P.S. Right now all I see is :wine: and :beer: and outside the weather changed from sunny and warm to cold, dark and snowy... :snow :snowstorm:

But hey, there is a bright side... I got all the materials I need for an ultralight in the shed... :thumbs up1:

and once I start building this baby, I'll take lots of pictures for you guys... :snappy: :pictures:

I just have to get past the design flaws... :frustrated: :throw PC:

But like I said... tomorrow is another day! :hammer:
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Postby Chuck Craven » Thu Feb 23, 2006 8:23 pm

Yes! I forget I am a night Owl.
From Wisconsin the worst day I remember started out 52 degrees and sunny, went down to 35 and ranning, then sleet, then snow, then high wind 62 MPH, Tornado warnings, power went out for 2 hrs and I woke up with 6” of snow on the ground an 18 degrees outside. We have a saying here “If you don’t like the weather wait awhile it will change!” Just not always for the better. :cheerswine:
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Postby mikeschn » Thu Feb 23, 2006 8:28 pm

And I am an early morning person... In a few hours I'll be at my peak having the most fun, cranking out the most material. I'll try to be beneficial to you guys, but every morning is different.

Tomorrow morning I'll be tugged by the ultra light design, the actual building of the same, and getting the Lil Diner ready for camping in a month or two...

Kerry said it right this morning... work only gets in the way of things that we want to get done... :?

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Postby Mitheral » Thu Feb 23, 2006 8:35 pm

mikeschn wrote:Andrew brought up a good question... how far in does the rubber go? anyone know?


No where near the centre. To get an idea look how short the non axle units are.

If you were afraid to drill a hole in the axle (a valid fear imo) you could weld a T on the end of the draw bar and then U bolt the draw bar to the axle. You'd need to make allowance in the torsion box for the ubolts.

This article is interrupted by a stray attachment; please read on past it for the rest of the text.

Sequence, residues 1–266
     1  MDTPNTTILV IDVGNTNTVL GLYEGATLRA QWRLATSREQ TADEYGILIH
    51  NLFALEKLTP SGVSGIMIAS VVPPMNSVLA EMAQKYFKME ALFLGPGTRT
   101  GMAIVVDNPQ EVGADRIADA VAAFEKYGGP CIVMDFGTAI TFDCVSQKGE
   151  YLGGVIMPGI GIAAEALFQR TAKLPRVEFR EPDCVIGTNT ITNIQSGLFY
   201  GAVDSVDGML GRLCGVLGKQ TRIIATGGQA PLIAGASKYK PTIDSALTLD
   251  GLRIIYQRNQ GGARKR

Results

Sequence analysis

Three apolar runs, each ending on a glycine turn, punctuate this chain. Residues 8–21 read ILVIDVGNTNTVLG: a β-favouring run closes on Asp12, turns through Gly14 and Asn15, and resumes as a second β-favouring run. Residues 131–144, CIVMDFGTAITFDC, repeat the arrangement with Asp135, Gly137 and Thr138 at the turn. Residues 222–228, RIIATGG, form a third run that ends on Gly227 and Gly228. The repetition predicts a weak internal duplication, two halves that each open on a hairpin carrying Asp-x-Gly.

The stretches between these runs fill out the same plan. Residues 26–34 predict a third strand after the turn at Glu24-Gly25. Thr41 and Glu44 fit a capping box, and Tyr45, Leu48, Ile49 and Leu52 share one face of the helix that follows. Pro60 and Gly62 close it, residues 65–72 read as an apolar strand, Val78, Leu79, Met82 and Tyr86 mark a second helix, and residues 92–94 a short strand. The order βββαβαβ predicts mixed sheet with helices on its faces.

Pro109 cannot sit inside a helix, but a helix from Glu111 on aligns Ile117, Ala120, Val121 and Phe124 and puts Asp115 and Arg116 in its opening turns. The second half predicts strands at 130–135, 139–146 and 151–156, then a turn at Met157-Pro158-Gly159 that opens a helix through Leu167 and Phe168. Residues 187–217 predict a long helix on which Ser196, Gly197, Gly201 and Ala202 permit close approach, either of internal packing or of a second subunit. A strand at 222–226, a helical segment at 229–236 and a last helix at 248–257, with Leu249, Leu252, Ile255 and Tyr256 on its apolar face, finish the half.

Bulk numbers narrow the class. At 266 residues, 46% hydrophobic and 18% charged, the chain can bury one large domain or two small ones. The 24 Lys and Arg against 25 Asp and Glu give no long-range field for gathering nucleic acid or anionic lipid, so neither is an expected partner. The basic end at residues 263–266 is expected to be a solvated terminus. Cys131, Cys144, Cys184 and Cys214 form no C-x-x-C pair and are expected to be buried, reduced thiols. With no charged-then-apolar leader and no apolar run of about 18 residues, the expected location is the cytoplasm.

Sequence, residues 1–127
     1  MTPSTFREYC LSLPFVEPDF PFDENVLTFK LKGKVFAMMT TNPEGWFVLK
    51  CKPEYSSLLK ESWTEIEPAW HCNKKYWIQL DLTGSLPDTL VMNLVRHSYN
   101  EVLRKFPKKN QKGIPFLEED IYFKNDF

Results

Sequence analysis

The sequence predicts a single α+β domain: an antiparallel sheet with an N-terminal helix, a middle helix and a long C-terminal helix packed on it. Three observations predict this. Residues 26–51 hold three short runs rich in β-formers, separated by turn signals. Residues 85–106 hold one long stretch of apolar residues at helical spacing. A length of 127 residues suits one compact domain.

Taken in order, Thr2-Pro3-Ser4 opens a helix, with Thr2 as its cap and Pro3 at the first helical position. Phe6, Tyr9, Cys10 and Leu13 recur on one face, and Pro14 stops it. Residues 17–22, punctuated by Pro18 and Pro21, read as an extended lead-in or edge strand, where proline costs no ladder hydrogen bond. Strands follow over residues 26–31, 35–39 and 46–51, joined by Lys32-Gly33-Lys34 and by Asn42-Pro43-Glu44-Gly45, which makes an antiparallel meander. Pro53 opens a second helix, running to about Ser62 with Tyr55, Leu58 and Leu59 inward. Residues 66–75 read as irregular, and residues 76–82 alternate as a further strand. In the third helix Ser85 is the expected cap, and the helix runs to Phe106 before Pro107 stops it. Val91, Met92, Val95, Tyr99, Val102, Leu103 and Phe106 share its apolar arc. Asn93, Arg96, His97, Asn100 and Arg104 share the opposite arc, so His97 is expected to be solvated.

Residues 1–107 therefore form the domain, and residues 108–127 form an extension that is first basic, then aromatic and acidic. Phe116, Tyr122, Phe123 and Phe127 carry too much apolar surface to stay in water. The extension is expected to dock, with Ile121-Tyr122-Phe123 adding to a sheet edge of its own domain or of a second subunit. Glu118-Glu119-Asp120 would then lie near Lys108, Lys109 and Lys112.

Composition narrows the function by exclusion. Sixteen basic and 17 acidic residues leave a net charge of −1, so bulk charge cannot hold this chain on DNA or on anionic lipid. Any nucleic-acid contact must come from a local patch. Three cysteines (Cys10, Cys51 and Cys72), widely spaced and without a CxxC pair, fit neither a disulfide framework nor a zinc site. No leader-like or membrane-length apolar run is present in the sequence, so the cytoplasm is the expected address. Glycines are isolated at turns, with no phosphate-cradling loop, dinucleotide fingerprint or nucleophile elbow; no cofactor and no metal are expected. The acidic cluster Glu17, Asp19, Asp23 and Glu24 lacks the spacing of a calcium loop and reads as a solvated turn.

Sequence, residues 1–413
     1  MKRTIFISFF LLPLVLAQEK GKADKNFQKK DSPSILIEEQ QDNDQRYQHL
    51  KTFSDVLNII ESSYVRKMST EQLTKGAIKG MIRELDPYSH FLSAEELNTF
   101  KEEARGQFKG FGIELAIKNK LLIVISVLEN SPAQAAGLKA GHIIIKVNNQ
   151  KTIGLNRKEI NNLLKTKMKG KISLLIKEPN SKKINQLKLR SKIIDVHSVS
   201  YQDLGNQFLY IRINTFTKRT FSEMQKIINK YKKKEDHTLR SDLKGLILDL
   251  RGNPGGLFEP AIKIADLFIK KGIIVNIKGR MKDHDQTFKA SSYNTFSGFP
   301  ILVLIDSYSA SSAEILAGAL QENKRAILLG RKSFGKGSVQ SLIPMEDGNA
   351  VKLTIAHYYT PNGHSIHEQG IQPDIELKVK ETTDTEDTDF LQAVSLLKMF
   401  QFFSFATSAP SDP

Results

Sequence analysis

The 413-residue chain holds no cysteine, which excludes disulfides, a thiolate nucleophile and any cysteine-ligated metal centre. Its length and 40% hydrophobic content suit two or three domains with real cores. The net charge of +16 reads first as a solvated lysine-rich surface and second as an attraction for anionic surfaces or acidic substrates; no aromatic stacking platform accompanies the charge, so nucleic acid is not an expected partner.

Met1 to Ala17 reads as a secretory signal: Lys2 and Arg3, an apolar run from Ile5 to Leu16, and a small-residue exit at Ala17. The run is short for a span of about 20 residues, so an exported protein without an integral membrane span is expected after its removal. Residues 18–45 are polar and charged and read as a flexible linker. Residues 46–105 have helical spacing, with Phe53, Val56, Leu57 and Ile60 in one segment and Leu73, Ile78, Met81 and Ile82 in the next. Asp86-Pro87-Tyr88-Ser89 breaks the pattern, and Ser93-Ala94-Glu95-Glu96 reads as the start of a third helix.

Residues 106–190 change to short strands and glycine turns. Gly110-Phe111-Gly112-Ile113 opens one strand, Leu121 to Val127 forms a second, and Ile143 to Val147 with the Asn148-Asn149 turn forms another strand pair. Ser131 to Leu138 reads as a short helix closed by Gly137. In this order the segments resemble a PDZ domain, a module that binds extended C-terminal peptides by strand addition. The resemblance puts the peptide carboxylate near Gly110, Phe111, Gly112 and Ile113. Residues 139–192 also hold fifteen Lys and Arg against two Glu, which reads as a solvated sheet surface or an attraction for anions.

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Postby Chuck Craven » Thu Feb 23, 2006 9:16 pm

Mitheral
That is not good either. The problem is the axel has positive, negative and radial stress all at one point half way down the axel. The axel can amplify that stress point. Two positives or two negative stress points (the wheels) will add to each other at that connection point. The better approach is to have two drawbars mounted near the wheels at an angle to the stress points going to the hitch. This spreads out any stresses over a larger area negating any single stress point. There is a physics law for that (can’t remember the name). Look at a Beehive there is no single wall perpendicular to another always at an angle. The Beehive is very strong for the material it is made of “Bee paper, chewed up plant fiber/ pulp and Bee spit”. Same with a teardrop the roof is at an >90 angel to the floor. A curved surface is always stronger than an equal flat surface. I would think that most failures of a teardrop trailer will be where the walls meet the floor, or an under designed tow bar / hitch. :cry:

O
| > Put Put
O

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Postby alaska teardrop » Thu Feb 23, 2006 9:40 pm

Mike - Went back, looked at your original post and realized that you must intend on bringing the hatch down to about 1 foot from the floor like Roly did. So, my comment about the tail compartment not being accessable seems stupid. :oops: Maybe we need a lightbulb Emoticon!
    Roly - Your galley/hatch design really makes good functional sense. :thumbsup: May consider it on the next AKTD. Fred :)
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Re: Andrew following up an earlier point

Postby dwgriff1 » Thu Feb 23, 2006 10:21 pm

Andrew, you were looking at my sketch book!

My plan to strengthen my wood tongue is with a box much like the one you show, exept I'd make mine triangular in plan, so it would be straight sided in profile. It would only open from the inside. My actual tongue stinger would be as short as yours. I would run a strong back back in the floor box, and increase the size of that as it goes under the tongue box.